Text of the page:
The analyst also made these target changes:
- Precision Drilling Corp. (PD-T, “buy”) to $185 from $165. Average: $152.72.
- Cathedral Energy Services Ltd. (CET-T, “buy”) to $2.50 from $2.25. Average: $3.33.
- PHX Energy Services Corp. (PHX-T, “buy”) to $13 from $12.50. Average: $10.80.
- CES Energy Solutions Corp. (CEU-T, “buy”) to $4 from $4.50. Average: $4.49.
- Calfrac Well Services Ltd. (CFW-T, “buy”) to $14 from $13. Average: $11.42.
- Step Energy Services Ltd. (STEP-T, “buy”) to $12 from $11.75. Average: $10.39.
“Our top names in order are 1) PD 2) TCW and 3) CFW, while CET remains our top small-cap idea,” said Mr. Pereira.
Seeing “a near-term trade with long-term value,” Stifel analyst Ian Gillies upgraded Algoma Steel Group Inc. (ASTL-T) to “buy” from “hold” previously.
“The premise for this upgrade is (1) a near-term improvement in financial performance through an increase in volumes and higher unit pricing, which is reflected in our F24E EBITDA increasing 71.0 per cent and (2) the long-term value creation potential from the transition to an electric arc furnace which will better align the company’s cost structure and allow for higher production,” he said. “In our view, the steel market bottomed in November 2022, and calendar 2023 should realize a recovery from those levels.”
Believing its net asset value is “very compelling from a value perspective” and touting “material upside,” Mr. Gillies hiked his target for Algoma shares to $15 from $10.75. The average is $11.67.
“The average steel producer is trading at 4.9 times calendar 2023 estimated EV/EBITDA and 5.2 times C2024E EV/EBITDA, putting ASTL at 3.2 times and 3.8 times discount in each year,” he said. “This discount is due to (1) recent operational issues; (2) perceived risk for the EAF conversion; (3) concerns around motivated selling shareholder base. We would rebuke points (1) and (3). For point (1), we expect volumes to recover meaningfully in F4Q23 which should depict a return to normalized operations, improved pricing relative to F3Q23 and a normalized cost structure. With respect to point (3), ASTL’s combined share volume on the TSX and NASDAQ over the last 200 trading days has totaled roughly 502 mm shares or 5.0 times the outstanding share count. This has given any motivated seller ample time to reduce the position. We believe this creates a significant near-term trading opportunity. In regard to point (2), this risk is likely to be a headwind until there is more clarity on a secured capital cost and firm ISD, but we believe the company has positioned itself well for this transition.”
Calling it a “market leader,” Eight Capital analyst Kiran Kiran Sritharan initiated coverage of Vancouver-based Tribe Property Technologies Inc. (TRBE-X) with a “buy” recommendation on Wednesday, seeing it “benefitting from increasing supply of condos and rentals and macro trends that are beginning to serve as tailwinds for the sector.”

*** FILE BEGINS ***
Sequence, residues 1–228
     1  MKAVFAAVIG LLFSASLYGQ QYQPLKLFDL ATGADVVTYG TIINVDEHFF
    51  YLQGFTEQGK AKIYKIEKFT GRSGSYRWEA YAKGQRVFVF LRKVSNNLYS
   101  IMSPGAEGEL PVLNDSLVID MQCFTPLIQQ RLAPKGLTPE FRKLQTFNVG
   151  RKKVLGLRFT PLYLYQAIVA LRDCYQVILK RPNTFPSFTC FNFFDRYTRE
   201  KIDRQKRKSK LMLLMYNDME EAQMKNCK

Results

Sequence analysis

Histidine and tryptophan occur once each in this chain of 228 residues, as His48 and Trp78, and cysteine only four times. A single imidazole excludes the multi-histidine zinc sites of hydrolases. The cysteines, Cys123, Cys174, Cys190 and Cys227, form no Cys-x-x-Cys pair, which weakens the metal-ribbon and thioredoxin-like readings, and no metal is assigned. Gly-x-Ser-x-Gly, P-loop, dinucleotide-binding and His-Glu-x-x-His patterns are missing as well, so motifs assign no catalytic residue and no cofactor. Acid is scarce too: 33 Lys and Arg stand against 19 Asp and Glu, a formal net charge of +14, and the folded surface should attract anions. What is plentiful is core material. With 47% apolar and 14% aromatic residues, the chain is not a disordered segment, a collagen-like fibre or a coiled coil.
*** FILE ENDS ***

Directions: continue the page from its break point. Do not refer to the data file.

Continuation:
“Macro factors, including demand dynamics and tightening rental conditions, support our positive view,” he said. “Recently, an increase in the backlog of units under construction has restricted new supply. We see this unwinding, driving volume growth for Tribe and the broader property management industry. Evolving demographics, consumer preferences, and expanding regulations also increase demand for efficient and effective community management.”
“We view Tribe’s core product as a premium digital-first solution. The offering has evolved from a software-only model to a comprehensive property management solution. Tribe differentiates itself through a monetized partnership model with retail partners who offer discounted products to Tribe’s communities via a digital marketplace. The efficiencies and convenience brought on by Tribe’s one-stop tech strategy help it maintain industry-low churn with pricing power.”
Believing “fundamental outperformance will drive share price appreciation and increased interest from investors,” Mr. Sritharan set a target of $3.50 per share, matching the current average on the Street.
“We note that the scarcity of publicly traded prop-tech players on the TSX may benefit Tribe’s valuation in a more supportive valuation environment,” he said.
Touting its “strong” leadership, balance sheet and financial track record, Acumen Capital analyst Jim Byrne initiated coverage of Stampede Drilling Inc. (SDI-X) with a “buy” recommendation, seeing its shares trading at an “attractive” valuation.
“The company successfully navigated the downturn in the oil & gas sector in 2019 along with the pandemic impacts on drilling in Western Canada,” he said. “They were able to preserve their balance sheet through their low cost operations and add market share by maintaining crews when many competitors were forced to slow activity. The company generates stronger margins than its peer group along with positive net income.”
Following a “significant” $21.5-million acquisition of five telescopic double rigs and one super-spec triple rig in August of 2022, Mr. Byrne expects Stampede’s revenues to increase “substantially” again in 2023, projecting $114.6-million (versus $66.1-million last year).